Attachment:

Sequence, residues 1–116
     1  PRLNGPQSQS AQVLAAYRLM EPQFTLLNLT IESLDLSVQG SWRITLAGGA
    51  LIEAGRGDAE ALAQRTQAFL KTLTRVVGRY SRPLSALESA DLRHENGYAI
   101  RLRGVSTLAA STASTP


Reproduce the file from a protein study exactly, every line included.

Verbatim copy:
Sequence, residues 1–116
     1  PRLNGPQSQS AQVLAAYRLM EPQFTLLNLT IESLDLSVQG SWRITLAGGA
    51  LIEAGRGDAE ALAQRTQAFL KTLTRVVGRY SRPLSALESA DLRHENGYAI
   101  RLRGVSTLAA STASTP